Synthetic CBD Can Be Dangerous—How to Tell if You’re Buying the Real Thing

Synthetic CBD Can Be Dangerous—How to Tell if You’re Buying the Real Thing

With the explosion of products containing hemp-derived CBD in the last few years, many less-than-honest players found ways to flood the market with “CBD oil” that is a modern-day equivalent of snake oil—not necessarily dangerous but definitely ineffective. In some cases, a bottle labeled as CBD oil is just a few crushed vitamins and supplements mixed with olive oil

It seems impossible but there are some companies out there selling CBD oil, promising improved health, less pain and the myriad other claims they make, that is actually synthetic CBD oil—no different from the potentially lethal forms of synthetic cannabis sold on the street. 

In November 2018, Consumer Reports (CR) published an article about dangerous chemicals found in popular over-the-counter (OTC) CBD products. Based on testing conducted by Virginia Commonwealth University, CR reported that Diamond CBD, with locations in England and the U.S., sells CBD products made by three popular companies over the Internet that contain a compound called 5F-ADB, which is a synthetic form of cannabis also found in K2 and Spice

Drug Overdoses in the U.S. 

The Centers for Disease Control tracked all fatal drug overdoses from 1999 to 2017, and in that time it reported a four-fold increase in ODs. In addition to tracking the number of deaths due to overdose, the CDC keeps tabs on which drugs are responsible for them. Unheard of in 1999, overdoses from synthetic cannabis—both marijuana and CBD—is now keeping pace with ODs from benzos and opioids. Stories abound of swaths of peoplemost between the ages of 12 and 30being rushed to emergency rooms, suspected of overdosing on synthetic cannabis.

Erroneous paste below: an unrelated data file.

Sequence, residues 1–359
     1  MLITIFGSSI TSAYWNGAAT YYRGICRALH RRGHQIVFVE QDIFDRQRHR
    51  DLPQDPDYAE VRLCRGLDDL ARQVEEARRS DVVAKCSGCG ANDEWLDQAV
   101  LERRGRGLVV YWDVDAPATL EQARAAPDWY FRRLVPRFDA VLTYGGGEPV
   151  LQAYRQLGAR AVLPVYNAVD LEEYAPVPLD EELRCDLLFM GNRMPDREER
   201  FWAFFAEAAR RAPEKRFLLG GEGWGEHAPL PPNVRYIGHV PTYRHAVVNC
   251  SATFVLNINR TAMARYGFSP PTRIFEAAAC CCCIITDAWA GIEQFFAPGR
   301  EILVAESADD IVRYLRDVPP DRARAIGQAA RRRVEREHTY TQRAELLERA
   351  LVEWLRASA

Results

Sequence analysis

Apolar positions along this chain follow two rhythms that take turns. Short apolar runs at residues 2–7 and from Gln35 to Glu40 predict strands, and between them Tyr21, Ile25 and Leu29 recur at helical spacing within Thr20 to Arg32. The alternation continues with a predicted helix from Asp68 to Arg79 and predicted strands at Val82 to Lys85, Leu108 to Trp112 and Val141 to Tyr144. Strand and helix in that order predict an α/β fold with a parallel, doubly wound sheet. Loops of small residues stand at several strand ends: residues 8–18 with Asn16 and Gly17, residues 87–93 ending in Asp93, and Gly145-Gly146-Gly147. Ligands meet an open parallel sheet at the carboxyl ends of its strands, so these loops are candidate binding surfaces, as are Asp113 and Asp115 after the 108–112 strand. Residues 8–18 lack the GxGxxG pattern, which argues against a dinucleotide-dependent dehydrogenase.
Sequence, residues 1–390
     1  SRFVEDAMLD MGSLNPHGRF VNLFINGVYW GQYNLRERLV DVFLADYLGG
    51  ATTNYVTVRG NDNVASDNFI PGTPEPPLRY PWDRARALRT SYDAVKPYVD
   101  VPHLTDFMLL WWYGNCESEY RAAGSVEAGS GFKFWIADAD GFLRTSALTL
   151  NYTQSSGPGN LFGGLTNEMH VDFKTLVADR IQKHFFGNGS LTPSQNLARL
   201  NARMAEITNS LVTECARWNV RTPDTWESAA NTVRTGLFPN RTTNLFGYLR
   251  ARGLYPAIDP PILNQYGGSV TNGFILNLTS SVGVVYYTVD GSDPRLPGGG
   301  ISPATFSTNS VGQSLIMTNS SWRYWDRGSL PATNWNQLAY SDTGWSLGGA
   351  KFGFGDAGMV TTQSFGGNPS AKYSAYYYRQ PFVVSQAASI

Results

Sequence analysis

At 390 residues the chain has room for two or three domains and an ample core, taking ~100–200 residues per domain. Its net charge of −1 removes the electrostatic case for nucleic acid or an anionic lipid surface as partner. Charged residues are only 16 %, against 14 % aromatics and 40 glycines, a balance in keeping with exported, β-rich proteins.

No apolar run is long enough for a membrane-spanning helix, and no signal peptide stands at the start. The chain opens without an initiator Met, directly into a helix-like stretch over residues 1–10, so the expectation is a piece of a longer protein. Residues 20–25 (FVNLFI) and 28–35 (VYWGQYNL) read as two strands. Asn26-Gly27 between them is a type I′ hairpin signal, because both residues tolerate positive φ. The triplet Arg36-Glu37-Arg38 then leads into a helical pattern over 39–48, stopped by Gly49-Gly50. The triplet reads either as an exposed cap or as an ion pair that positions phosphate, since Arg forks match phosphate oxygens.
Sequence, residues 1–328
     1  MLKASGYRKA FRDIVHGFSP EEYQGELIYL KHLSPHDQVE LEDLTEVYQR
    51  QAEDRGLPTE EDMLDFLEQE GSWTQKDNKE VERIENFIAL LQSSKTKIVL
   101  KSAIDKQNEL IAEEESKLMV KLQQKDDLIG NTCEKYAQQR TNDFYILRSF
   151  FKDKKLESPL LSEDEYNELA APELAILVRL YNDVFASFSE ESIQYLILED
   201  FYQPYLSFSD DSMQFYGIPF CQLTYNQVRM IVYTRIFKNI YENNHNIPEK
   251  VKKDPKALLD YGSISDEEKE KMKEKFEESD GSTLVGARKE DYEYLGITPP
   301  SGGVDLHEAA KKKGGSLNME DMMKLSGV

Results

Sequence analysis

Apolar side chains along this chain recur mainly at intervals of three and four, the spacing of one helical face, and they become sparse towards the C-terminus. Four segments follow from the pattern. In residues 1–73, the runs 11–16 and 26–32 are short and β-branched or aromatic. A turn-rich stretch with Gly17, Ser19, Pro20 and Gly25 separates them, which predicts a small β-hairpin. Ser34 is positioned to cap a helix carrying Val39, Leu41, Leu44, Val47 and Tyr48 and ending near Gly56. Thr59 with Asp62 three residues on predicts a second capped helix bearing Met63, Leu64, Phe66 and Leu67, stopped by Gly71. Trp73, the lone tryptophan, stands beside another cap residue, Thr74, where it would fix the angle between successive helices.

Mainstream media began reporting more widely about the increase of synthetic cannabis use in 2015, with an uptick between late 2017 and mid-2018 as usage really took off. However, the National Institute on Drug Abuse says synthetic cannabis use dates back to 2008. In fact, it claims 11,406 visits to emergency rooms in the U.S. during 2012 were the result of synthetic cannabis.

What Is Synthetic Cannabis?

Synthetic cannabinoids are created in a lab and bear no chemical resemblance to the cannabis plant. It’s a group of chemical substances that are supposed to mimic the effects of the natural cannabinoids found in the cannabis plant. These synthetic products have been cleverly marketed as safe or harmless products, or even as safer alternatives to real cannabis. 

No two types of synthetic cannabis are the same, and in most cases the chemical makeup is unknown. It’s estimated there are hundreds of compounds that can potentially go into creating these synthetic products. To the untrained eye, it’s easy to see how someone could be fooled into believing a synthetic is the real deal. 

Synthetic cannabis is generally a mixture of different plants, spray painted green. Four telltale signs that your cannabis is fake include: